Nichelle Hayes (MPA, MLS) is the BCALA president-elect (2022-2024) and current vice-president. She leads the Center for Black Literature & Culture (CBLC) at the Indianapolis Public Library. Hayes graduated from Indiana University’s School of Library & Information Science (SLIS) with her MLS. She began her library career as a library media specialist at an Elementary School in Indianapolis. Later she worked as an adult reference librarian specializing in business. She serves on a number of community boards throughout the state of Indiana. A few are the Indiana Black Librarians Network (IBLN) as treasurer, NAACP, Association for the Study of African American Life and History (ASALH). She is also a member of Delta Sigma Theta Sorority Inc. A public service organization (Lifetime Member PIF). She is a blogger at https://thetiesthatbind.blog/ where she discusses genealogy and keeping families connected.
Ana Ndumu (MLIS, Ph.D.) is an assistant professor at the University of Maryland College Park’s College of Information Studies who primarily researches and teaches on library services to immigrants—particularly, Black diasporic immigrants—along with methods for promoting representation and inclusion in LIS. A former HBCU (historically Black colleges and universities) librarian for over a decade, she is interested in the cross between Black identity, information access, and social inclusion. Ana is a BCALA executive board member and co-chair of the Professional Development & Recruitment Committee.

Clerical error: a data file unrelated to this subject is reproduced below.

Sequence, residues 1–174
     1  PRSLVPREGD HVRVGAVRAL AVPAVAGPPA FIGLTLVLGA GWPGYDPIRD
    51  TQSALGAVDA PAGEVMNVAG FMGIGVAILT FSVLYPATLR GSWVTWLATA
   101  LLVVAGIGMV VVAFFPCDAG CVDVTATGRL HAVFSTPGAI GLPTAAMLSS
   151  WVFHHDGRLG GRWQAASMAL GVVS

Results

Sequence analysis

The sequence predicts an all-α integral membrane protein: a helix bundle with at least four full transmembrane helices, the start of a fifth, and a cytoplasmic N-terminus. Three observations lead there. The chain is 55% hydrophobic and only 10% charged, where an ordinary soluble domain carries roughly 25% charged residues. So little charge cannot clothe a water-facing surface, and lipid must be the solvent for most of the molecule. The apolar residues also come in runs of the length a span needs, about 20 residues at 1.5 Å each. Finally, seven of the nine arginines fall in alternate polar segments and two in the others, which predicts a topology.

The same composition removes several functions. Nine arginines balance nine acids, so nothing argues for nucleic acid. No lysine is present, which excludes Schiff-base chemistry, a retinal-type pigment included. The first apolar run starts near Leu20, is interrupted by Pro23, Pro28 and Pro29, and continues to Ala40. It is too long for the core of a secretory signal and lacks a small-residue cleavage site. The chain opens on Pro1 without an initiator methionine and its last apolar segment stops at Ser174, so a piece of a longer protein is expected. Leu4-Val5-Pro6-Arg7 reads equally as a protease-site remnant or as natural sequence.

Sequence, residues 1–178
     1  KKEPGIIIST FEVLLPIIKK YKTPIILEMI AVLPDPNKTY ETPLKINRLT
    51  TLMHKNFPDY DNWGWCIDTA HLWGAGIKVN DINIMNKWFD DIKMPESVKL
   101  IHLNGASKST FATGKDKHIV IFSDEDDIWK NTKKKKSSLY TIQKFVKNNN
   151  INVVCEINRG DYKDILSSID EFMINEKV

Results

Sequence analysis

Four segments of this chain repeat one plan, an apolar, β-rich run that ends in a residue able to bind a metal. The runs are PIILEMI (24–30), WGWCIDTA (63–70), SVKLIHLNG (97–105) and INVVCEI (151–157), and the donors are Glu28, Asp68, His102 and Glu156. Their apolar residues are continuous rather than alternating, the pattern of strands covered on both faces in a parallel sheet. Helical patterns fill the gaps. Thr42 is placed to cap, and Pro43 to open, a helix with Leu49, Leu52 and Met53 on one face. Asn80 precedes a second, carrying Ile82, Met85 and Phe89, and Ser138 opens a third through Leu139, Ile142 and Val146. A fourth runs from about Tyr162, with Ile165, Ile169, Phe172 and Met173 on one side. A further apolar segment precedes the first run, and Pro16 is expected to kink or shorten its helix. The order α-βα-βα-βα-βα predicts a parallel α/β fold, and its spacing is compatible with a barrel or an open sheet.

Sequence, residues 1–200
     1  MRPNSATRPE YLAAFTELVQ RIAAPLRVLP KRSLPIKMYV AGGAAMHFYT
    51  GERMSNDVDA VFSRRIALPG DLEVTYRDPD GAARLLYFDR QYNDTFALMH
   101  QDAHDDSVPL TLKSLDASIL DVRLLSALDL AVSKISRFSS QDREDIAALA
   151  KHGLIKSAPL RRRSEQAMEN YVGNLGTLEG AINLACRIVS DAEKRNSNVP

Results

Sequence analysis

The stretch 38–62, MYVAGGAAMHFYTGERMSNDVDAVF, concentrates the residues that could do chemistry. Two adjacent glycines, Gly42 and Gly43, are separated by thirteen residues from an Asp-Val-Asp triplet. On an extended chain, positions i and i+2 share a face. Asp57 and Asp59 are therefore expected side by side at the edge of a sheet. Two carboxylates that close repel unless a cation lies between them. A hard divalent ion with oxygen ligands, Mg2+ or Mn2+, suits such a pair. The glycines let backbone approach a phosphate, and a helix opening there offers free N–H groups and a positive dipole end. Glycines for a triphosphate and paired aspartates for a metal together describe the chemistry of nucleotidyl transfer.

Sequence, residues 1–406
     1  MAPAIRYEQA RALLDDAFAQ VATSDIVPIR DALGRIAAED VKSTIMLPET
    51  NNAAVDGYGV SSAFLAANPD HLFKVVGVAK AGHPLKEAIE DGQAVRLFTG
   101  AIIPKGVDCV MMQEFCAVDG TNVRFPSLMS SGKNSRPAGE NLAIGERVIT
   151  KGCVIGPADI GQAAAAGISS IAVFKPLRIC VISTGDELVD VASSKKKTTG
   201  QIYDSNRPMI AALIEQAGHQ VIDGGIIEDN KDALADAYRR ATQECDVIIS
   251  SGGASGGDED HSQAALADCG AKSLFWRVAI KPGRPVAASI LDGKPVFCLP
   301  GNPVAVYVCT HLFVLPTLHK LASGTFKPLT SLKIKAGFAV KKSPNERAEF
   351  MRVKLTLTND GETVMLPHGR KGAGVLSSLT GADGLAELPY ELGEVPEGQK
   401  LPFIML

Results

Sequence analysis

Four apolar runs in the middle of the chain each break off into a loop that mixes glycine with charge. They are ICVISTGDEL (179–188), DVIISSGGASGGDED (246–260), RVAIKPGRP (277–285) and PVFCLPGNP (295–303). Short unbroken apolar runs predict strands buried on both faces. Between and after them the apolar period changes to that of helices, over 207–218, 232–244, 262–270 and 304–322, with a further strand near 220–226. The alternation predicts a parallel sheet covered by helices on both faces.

Shaundra Walker (MSLS, Ph.D.) is the library director at Georgia College. She holds a B.A. in history from Spelman College, a Masters in library and information studies from Clark Atlanta University, and Ph.D. in educational leadership with a concentration in higher education administration from Mercer University. Shaundra has over 15 years of experience working in libraries and higher education. Her work and research in libraries and education are deeply influenced by her experience attending and working in HBCUs. Her research interests include the recruitment and retention of diverse librarians and organizational development within the library.